Friedreich’s Ataxia

Friedreich’s Ataxia (FA) is named after the German physician Nicholaus Friedreich, who first described FA in 1863.

Related Links:'s_ataxia -- A simple explanation of the disorder (National Ataxia Group) -- Friedreich's Ataxia (National FA Group) (Muscular Dystrophy Association -- Australian Branch)
This site has readable definition and it has links to other types of Ataxia.

Friedreich’s Ataxia (FA or FDRA) is one of the 43 neuromuscular diseases supported by the Muscular Dystrophy Association (MDA). Friedreich’s Ataxia is a slowly progressive genetic disorder of the nervous system and muscles. Mild symptoms generally first appear any time between the ages of 5 and 15. The disorder (a special type of spinocerebellar ataxia) causes an inability to coordinate voluntary muscles movements.

Friedreich’s Ataxia symptoms result from degeneration of nerve tissue in portions of the cerebellum, the spinal cord and of the nerves that extend to peripheral areas such as the arms and legs. Some conditions associated with Friedreich’s Ataxia do not result from degeneration of the nerves. Primary effects include muscle weakness, loss of coordination, excessive fatigue (severely reduced energy), speech changes and voice weakness, scoliosis, diabetes and cardiomyopathy. Heart disease, sometimes in severe forms, is one of the more common and life-threatening conditions, along with the side-effects of uncontrolled diabetes. Abnormalities in heartbeat rhythm and diminished strength of the heart muscle have been seen in a large percentage of Friedreich’s Ataxia patients. Palpitations and shortness of breath are the most common symptoms. Some patients exhibit hypertrophic cardiomyopathy (abnormal enlargement of the heart muscle).

Although considered rare, FA is the most prevalent inherited ataxia. It affects about 1 in every 50,000 people in the USA. Some estimates have placed the prevalence of the disorder worldwide at between 30,000 and 250,000 persons. Never-the-less, 1 in every 100 people carry a gene-type that is thought to be the primary cause of FA, when two such genes are inhereited. In this case, the normal production of frataxin is severely diminished causing the disease to appear to progress over time. Most persons diagnosed with Friedreich’s Ataxia require mobility aids such as a cane, walker, or wheelchair by their teens or early 20s; but, some patients have later onset of FA. Most doctors will never see a person with this problem or will not correctly diagnose it. Special genetic testing will confirm the disease. An experienced neurologist and specialists for symptomatic problems like heart disease or diabetes will prove necessary for regular monitoring and for treatment over time.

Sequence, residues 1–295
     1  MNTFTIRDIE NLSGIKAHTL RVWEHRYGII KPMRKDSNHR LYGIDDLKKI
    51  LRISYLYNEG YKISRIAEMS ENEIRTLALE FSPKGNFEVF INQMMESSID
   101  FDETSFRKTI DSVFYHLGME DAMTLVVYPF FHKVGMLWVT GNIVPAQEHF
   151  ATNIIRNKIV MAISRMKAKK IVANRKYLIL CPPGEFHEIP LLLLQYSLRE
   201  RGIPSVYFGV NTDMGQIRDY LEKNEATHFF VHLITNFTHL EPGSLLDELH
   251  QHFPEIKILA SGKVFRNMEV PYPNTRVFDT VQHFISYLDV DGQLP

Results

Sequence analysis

Our family member gets very tired, and when that happens, balance gets worse. Often it is a fall caused by a loss of balance or something like the flu, putting one in bed for several days, that may be the turning-point at which one can no longer walk. Ataxia in general or FA specifically might be a good topic for a book for parents and new patients, caregivers, etc.

The National Center for Biotechnology Information under the National Institutes of Health (NIH) describes Friedreich's ataxia as a rare inherited disease characterized by the progressive loss of voluntary muscular coordination (ataxia) together with heart enlargement. Named after the German doctor, Nikolaus Friedreich, who first described the disease in 1863, FA is generally diagnosed in childhood. It affects both males and females. Technically, FA is an autosomal recessive genetic disease caused by a mutation of a gene associated with the production of frataxin (a nuclear-encoded mitochondrial protein). This gene is located on chromosome 9. The mutation results when there are many extra copies of a DNA segment, the trinucleotide GAA. A normal individual has 8 to 30 copies of this trinucleotide, while FA patients have as many as 1000. Generally speaking, the larger the number of GAA copies, the earlier the onset of the disease and the more rapid the decline of the patient.

L'ataxie de Friedreich est une maladie neurologique, évolutive, rare et d'origine génétique. Elle a été décrite pour la première fois par le neurologue allemand Nicolas Friedreich. Il joue un grand rôle dans la régulation de l'adaptation des postures et des mouvements volontaires -- le syndrome cérébelleux est associe donc des troubles statiques, des troubles de l'exécution du mouvement et des troubles du tonus. L’ataxie est un symptôme et non pas une maladie spécifique. Le terme « ataxie » désigne des troubles de la coordination. Les ataxies héréditaires sont des maladies neurologiques, génétiques et dégénératives du système nerveux central (SNC) caractérisées par la dégénérescence du cervelet ou des zones anatomiques, incluant les différents nerfs y qui sont rattachés.; FEDAES (Federacion Española de Ataxia)

NEW: 03/31/09